The bill would allow for the open-ended detention of anyone caught up in the “war on terror,” without trial or charges, including US citizens. This is the first explicit legislation to effectively abolish habeas corpus (the right to challenge unlawful detentions) and the constitutional rights to a fair trial (the Sixth Amendment) and due process (the Fifth Amendment).
Another provision requires that such individuals be taken into military custody, with an exception for US citizens. The military seizure of US citizens is left to the discretion of the executive branch. This means the effective abolition of the Posse Comitatus Act, which has restricted use of the military for domestic policing for more than a century.
The main concern of the administration was that the requirement for military custody could hamper actions of other agencies engaged in counterterrorism operations, such as the FBI and CIA. An earlier policy statement from last month outlined the White House position that the requirement on military detention was an “unnecessary, untested, and legally controversial restriction of the President’s authority to defend the Nation from terrorist threats that would tie the hands of our intelligence and law enforcement professionals.”
The White House has cited the extra-judicial assassination of Osama bin Laden and Anwar al-Awlaki (a US citizen) as evidence that there should be no restraints on the form through which executive power is exercised.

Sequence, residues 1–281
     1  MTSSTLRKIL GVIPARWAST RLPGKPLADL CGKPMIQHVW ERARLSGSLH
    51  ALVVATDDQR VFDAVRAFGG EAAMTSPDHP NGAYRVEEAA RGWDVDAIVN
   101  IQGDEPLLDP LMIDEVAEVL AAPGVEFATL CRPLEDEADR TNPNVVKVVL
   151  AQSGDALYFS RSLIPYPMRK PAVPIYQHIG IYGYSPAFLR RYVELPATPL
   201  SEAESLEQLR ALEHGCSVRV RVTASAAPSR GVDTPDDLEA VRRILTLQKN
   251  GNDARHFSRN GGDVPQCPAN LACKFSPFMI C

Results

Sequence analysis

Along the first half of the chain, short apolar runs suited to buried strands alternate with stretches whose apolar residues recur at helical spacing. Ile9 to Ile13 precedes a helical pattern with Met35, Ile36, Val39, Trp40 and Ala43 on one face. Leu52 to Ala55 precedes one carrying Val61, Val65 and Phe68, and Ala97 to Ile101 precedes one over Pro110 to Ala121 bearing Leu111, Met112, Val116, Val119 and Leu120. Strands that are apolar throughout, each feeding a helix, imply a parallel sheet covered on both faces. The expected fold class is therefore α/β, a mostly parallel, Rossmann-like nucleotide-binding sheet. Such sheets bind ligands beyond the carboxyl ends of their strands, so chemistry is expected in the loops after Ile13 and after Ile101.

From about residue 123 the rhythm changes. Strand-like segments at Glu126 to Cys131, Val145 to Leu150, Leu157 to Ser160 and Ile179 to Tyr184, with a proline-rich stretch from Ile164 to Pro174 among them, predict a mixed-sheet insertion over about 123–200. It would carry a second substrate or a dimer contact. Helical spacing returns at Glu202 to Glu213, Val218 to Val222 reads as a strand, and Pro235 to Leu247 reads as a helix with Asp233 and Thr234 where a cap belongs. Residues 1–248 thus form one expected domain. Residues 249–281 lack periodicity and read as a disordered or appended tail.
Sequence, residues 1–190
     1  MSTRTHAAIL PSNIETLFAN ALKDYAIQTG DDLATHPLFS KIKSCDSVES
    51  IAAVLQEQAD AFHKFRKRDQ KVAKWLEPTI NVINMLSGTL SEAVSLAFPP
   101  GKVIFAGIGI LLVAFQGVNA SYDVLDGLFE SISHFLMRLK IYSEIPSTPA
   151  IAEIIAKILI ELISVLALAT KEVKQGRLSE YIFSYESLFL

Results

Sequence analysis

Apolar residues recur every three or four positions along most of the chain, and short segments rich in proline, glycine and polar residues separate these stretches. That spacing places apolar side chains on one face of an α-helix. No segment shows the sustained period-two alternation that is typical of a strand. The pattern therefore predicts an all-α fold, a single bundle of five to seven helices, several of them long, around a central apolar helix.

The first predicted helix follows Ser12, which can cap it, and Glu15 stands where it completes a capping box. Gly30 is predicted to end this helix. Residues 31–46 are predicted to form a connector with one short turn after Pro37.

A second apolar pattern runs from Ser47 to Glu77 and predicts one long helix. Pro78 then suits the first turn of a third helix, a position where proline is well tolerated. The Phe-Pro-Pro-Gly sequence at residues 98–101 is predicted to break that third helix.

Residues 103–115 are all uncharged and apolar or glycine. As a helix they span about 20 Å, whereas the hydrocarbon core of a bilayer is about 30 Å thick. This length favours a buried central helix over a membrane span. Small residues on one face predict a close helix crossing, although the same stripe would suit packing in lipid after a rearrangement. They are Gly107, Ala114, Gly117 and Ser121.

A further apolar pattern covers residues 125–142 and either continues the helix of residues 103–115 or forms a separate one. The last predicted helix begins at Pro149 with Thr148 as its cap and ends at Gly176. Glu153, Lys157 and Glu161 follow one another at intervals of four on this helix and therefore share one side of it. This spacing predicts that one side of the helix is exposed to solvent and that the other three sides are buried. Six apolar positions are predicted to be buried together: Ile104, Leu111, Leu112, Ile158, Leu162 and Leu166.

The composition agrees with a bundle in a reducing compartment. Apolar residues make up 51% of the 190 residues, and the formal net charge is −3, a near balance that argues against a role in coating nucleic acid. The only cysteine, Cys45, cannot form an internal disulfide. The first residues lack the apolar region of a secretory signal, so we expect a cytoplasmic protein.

In response to White House pressure, House and Senate negotiators on Monday agreed to compromise language that states that nothing in the bill will affect “existing criminal enforcement and national security authorities of the FBI or any other domestic law enforcement agency…regardless of whether such… person is held in military custody.”
Another measure would allow the president to waive requirements on the grounds of “national security.”
The administration also expressed the concern that the explicit authorization of indefinite detention was not necessary, as the White House claims that this power is already incorporated in the Authorization to Use Military Force, passed in 2001 after the 9/11 attacks. Its inclusion in the bill could prompt judicial review. Carney’s statement declared, “Though this provision remains unnecessary, the changes ensure that we are merely restating our existing legal authorities and minimize the risk of unnecessary and distracting litigation.”
Commenting on the amended version, the American Civil Liberties Union said in a statement earlier this week: “The sponsors of the bill monkeyed around with a few minor details, but all of the core dangers remain—the bill authorizes the president to order the military to indefinitely imprison without charge or trial American citizens and others found far from any battlefield, even in the United States itself.”